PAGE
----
President Barack Obama signs Violence Against Women Act, Interior Department, Washington, March 7, 2013.
President Barack Obama signs Violence Against Women Act, Interior Department, Washington, March 7, 2013.
WHITE HOUSE - U.S. President Barack Obama signed legislation Thursday expanding the Violence Against Women Act, a new measure intended to protect gay, lesbian and transgender victims, as well as American Indians and undocumented immigrants.
President Obama signed the bill at the Interior Department before an audience that included domestic violence survivors such as Diane Millich, a member of the Southern Ute Indian Tribe in Colorado.
She said her husband attacked her numerous times but was never prosecuted, because she lived on tribal land and her attacker was a non-Indian.
“If the bill being signed today were in law when I was married, it would have allowed my tribe to arrest and prosecute my abuser," she said. "When this bill is signed, the Violence Against Women Act will finally reach Native American women like me.”
President Obama’s signature renews a 1994 law which was allowed to lapse in 2011 when Republicans and Democrats could not agree on legislation to renew it.
Republicans in the House of Representatives dropped their objections to the bill last month and allowed the legislation to pass.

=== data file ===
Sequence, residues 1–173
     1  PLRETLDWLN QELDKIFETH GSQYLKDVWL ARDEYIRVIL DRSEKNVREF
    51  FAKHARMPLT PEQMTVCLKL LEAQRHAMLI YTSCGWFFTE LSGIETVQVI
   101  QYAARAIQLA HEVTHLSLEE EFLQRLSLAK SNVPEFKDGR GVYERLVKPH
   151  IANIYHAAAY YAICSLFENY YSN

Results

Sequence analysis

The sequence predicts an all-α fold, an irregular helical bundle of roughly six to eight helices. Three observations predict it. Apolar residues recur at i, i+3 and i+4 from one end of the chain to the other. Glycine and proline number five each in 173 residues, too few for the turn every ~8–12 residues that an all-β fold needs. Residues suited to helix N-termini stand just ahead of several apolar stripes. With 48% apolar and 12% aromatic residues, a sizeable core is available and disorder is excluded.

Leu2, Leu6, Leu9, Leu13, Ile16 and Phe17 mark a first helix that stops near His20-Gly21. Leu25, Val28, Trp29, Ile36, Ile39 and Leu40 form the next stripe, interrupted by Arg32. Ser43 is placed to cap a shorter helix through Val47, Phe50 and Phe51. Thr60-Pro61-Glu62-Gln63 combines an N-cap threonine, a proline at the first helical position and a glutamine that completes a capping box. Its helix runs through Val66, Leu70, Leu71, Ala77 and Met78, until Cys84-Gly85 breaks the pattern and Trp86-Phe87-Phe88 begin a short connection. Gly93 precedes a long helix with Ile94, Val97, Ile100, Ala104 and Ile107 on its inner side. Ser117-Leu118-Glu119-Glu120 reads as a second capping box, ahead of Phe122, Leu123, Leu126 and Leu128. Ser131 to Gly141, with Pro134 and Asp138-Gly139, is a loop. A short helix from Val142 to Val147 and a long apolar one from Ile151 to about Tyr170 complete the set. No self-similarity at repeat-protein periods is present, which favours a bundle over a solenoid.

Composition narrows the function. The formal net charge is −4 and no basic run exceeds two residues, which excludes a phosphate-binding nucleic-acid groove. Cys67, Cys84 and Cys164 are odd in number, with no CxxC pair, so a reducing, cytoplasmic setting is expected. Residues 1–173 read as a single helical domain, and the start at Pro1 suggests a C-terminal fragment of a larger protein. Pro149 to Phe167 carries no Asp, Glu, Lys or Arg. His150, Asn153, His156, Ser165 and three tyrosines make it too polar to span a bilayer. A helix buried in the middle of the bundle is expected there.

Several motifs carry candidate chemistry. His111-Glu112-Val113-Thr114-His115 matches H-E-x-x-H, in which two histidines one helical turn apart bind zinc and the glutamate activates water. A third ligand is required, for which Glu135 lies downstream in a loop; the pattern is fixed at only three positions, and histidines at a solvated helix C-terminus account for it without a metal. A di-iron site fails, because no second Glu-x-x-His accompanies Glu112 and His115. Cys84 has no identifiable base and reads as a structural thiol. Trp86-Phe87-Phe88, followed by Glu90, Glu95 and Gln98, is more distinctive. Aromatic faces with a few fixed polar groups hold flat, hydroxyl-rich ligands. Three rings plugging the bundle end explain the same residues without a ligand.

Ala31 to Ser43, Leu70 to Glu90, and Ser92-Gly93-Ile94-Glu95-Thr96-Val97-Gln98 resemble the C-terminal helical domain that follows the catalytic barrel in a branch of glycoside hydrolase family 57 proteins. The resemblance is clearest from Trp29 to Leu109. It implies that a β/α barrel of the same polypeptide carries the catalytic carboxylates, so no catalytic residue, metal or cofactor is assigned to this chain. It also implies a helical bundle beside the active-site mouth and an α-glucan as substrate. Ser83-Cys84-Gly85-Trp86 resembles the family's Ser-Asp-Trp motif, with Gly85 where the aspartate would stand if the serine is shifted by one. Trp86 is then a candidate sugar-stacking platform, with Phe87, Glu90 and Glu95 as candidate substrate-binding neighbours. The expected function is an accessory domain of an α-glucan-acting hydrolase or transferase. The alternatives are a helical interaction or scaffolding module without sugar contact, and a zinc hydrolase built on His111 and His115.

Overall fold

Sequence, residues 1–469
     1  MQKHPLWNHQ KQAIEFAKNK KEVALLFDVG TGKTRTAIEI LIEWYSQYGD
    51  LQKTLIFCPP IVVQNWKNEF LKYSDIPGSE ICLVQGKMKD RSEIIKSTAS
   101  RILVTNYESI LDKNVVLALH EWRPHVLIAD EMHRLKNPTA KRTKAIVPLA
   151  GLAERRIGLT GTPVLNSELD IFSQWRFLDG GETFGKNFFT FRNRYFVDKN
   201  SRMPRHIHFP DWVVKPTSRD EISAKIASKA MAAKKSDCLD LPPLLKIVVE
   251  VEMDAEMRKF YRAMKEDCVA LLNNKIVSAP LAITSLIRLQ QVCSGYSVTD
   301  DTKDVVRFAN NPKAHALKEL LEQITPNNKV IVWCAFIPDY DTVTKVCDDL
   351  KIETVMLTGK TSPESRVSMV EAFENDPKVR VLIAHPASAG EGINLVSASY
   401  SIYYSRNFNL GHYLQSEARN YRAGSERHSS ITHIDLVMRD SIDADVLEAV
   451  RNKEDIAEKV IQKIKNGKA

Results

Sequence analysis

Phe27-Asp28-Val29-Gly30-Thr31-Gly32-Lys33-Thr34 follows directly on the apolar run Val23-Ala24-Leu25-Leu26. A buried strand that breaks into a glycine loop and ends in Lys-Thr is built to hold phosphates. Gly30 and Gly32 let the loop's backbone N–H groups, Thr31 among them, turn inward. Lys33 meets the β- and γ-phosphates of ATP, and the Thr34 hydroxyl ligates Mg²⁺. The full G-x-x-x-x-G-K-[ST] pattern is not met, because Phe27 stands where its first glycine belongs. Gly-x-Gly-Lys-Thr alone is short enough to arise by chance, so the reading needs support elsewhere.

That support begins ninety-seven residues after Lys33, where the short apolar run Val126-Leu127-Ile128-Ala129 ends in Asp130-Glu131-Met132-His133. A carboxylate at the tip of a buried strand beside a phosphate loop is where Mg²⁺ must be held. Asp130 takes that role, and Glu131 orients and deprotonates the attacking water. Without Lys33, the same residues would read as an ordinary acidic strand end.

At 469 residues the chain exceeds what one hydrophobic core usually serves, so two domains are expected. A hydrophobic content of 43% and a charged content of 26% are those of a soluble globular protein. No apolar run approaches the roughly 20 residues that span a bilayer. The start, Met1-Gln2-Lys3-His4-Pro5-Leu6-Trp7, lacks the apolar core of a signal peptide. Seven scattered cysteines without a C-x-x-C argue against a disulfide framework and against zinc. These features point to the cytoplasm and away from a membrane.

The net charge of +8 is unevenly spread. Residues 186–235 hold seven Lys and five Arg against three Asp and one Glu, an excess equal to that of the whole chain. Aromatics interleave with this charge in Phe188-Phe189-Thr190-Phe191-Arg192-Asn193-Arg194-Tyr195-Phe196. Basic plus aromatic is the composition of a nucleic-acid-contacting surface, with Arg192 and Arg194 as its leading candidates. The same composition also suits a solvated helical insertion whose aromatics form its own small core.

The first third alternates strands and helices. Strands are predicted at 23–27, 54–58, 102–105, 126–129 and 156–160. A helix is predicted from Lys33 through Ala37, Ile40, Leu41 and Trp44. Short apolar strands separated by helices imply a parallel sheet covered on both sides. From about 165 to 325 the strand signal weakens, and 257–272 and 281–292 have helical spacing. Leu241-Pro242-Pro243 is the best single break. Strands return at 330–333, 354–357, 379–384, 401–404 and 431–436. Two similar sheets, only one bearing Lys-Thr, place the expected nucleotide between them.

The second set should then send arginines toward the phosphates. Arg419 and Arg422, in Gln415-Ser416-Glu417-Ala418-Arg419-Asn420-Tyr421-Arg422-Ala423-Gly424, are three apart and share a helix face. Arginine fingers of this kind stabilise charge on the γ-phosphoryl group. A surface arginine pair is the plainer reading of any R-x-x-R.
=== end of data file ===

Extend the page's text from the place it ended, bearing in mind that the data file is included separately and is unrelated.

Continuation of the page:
The president said the expanded law is a victory for domestic violence survivors.
“It is about our commitment as a country to address this problem in every corner of America, every community, every town, every big city, as long as it takes,” he said.
The original Violence Against Women Act is credited with helping reduce domestic violence incidents by two-thirds.
Still, Obama said more progress is needed.
“We have made incredible progress since 1994, but we cannot let up — not when domestic violence still kills three women a day; not when one in five women will be a victim of rape in their lifetime; not when one in three women is abused by a partner.”
The new law includes about $659 million over five years. It covers existing programs that provide money for temporary housing for those escaping abuse, legal assistance and law enforcement training.
It also reauthorizes legislation to protect the victims of sex trafficking and adds stalking to the crimes from which immigrants are eligible for protection.
Vice President Joe Biden, who also spoke at the ceremony, wrote the original legislation in 1994 when he was a member of the U.S. Senate.